In other countries children not educated and sometimes they are not literate. Education is a big deal in children’s lives because without education, children will grow up and not have the skills they need to get a job to support themselves. Even though the dramatic improvements over the decade, progress towards better
The proportion of children who are enrolled in primary schools has increased from 49% to 77% in the past decade in sub-Saharan Africa. This increase in enrollment is due mostly to the initiative of the governments from these regions to improve universal primary education. However, much remains to be done because even though enrollment has been made a possibility in a lot of these countries, there are a lot of other variables at play that still prevent children from receiving a quality education. Things such as poverty, cultural traditions, gender violence, and the incidence of early marriage are a major reason for disadvantaged groups, particularly poor girls, not making as much progress in enrolling
“Every child has the right to education”; I am sure that at some point or the other, we have all heard some variation of this very powerful statement. However, is every child given the right to education? We do not have to look far to notice the gaps in education availability between the developed and developing countries. I will be comparing and contrasting the educational system in Britain to that of a third world country, The Gambia. I will explore the history of Western education in The Gambia, and how this has played into Gambian perceptions of Western education. Because this class is interdisciplinary, I will attempt to make my paper well rounded by explaining my points from various perspectives including a historical, anthropological and gender perspective. After giving general differences and similarities, I will then concentrate specifically on the relationship between gender and education in both regions and how accessibility to education may differ on the basis of gender.
Although using non-profit organizations to aid developing countries will help children access and advance in their education, it will delay the goal of universal primary education for all, achieving it later than expected. For example, as these non-profit organizations hurry to get children into the classroom, there is too little focus on the quality of the education. The curricula often lack clear targets, are overloaded with subjects, do not meet the learning needs of the children, ignore cultural and regional factors, and put across distorted or stereotypical images of male and female social roles. Other frequently encountered problems are a failure to bring teaching times and curricula into line with the everyday lives of children and outdated teaching methods. Group work, independent learning, critical thought and problem solving, the use of new technologies, and the development of life skills tend to be neglected. As a result, pupils lack the crucial knowledge and skills that will later give them the confidence to make their way in the labor market ("The Situation in"). In addition to disregarding the quality of the education, using non-profit organizations to aid developing countries will create problems in the education system. For example, as the organizations help assist these developing
Education comes with social benefits as well which can improve the situation of the poor, such as lower fertility and improved health care of children ("Poverty and Education"). "Poor people are often unable to obtain access to an adequate education, and without an adequate education people are often constrained to a life of poverty." - Servaas Van Der Berg. The absolutely poor in developing countries have low education levels. Some may not even have access to primary education or may not have completed their primary education, not realizing that it is important to reduce poverty. Education is often poorly measured, and the impacts do not always show up as statistically significant in cross- country growth regressions (Levine & Renelt, 1992). Africa’s education crisis makes media headlines and analysis by the Brookings Center for Universal Education (CUE) explains why this needs to change. Progress towards universal primary education has come to a halt and learning levels of children who are in school are poor as well. Using a Learning Barometer, CUE estimates that 61 million African children will reach adolescence lacking even the most basic literacy and numeracy skills, this will deprive a whole generation of opportunities to develop and escape poverty ("Poverty, Education, & Opportunity").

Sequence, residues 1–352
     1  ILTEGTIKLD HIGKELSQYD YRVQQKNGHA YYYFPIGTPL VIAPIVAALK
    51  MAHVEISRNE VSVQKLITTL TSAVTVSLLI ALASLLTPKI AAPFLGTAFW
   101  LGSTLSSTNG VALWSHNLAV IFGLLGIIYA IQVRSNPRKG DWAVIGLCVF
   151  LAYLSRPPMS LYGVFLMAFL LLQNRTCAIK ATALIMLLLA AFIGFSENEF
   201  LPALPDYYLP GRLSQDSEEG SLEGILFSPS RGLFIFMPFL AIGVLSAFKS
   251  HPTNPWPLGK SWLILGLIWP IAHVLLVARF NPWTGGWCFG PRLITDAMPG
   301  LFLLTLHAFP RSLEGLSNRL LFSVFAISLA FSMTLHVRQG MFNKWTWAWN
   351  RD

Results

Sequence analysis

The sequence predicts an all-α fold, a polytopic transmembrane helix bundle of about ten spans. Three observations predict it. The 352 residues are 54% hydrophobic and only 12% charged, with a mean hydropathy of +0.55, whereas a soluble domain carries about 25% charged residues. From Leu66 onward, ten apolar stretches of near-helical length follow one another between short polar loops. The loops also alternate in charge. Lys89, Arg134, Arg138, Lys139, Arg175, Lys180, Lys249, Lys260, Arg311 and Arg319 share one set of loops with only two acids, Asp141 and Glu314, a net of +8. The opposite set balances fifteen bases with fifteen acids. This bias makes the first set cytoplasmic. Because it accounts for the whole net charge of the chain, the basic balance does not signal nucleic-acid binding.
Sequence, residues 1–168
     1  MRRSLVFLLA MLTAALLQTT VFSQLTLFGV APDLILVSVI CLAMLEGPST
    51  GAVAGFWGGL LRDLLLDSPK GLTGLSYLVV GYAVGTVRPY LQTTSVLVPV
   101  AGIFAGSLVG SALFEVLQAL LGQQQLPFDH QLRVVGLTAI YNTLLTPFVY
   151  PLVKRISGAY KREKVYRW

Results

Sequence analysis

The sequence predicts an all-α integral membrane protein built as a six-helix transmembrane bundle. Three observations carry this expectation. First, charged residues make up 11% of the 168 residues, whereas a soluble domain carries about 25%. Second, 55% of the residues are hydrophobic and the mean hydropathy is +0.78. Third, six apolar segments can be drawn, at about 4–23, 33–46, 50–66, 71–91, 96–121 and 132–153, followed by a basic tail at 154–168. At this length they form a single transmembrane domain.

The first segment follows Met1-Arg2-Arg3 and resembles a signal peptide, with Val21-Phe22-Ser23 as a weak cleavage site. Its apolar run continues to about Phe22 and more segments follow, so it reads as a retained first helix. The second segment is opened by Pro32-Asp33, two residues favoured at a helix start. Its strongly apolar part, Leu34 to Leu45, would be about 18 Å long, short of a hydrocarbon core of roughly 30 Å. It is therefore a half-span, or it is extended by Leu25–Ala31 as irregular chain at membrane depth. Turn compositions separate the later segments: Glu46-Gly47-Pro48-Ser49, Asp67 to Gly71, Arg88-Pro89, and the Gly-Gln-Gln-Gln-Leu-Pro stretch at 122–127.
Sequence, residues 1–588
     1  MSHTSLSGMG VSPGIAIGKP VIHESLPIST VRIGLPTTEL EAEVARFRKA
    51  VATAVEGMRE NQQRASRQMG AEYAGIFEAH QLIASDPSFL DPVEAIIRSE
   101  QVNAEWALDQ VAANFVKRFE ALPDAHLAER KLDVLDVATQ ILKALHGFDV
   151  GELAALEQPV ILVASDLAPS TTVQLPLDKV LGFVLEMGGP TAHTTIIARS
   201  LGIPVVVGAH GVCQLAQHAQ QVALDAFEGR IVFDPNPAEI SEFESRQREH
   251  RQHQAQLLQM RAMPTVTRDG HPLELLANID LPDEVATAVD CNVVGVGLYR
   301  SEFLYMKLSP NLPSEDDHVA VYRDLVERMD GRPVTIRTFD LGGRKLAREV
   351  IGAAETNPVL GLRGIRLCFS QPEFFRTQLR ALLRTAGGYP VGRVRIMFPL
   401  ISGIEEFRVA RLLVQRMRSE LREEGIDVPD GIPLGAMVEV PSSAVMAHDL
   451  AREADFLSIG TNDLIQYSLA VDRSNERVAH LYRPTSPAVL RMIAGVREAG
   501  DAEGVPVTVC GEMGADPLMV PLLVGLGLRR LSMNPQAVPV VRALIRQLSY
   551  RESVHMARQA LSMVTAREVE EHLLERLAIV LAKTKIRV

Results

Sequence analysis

In 2000, the United Nations introduced the Millennium Development Goals (MDGs) as part of the United Nations Millennium Declaration. The MDGs were established to attempt to improve overall well-being for as many people as possible, and targets issues such as poverty, starvation, and disease. This paper will focus on the development goal of achieving universal primary education, specifically focusing on the country of Ethiopia. Achieving universal primary education is important because it acts as a building block towards the development of counties as a whole. Primary education is not only a necessity, but a right to all individuals regardless of gender or class. Over the course of the last decade, Ethiopia has experienced vast improvements
On an international level, many steps have been taken to ensure a trend of continual increase in the numbers of women who not only have access to an education but also do not drop out of school and progress beyond just primary schooling. In the last 5-10 years especially, great emphasis has been placed on the prioritization of the education of women in the agendas of countries and international organizations. In a 2013 press briefing, Phumzile Mlambo-Ngcuka, the Executive Director of the UN Entity for Gender Equity and the Empowerment of Women (UN Women) emphasized “facilitating access to education for women and girls is vital to lift millions out of poverty and must be a priority for Governments and international organizations.”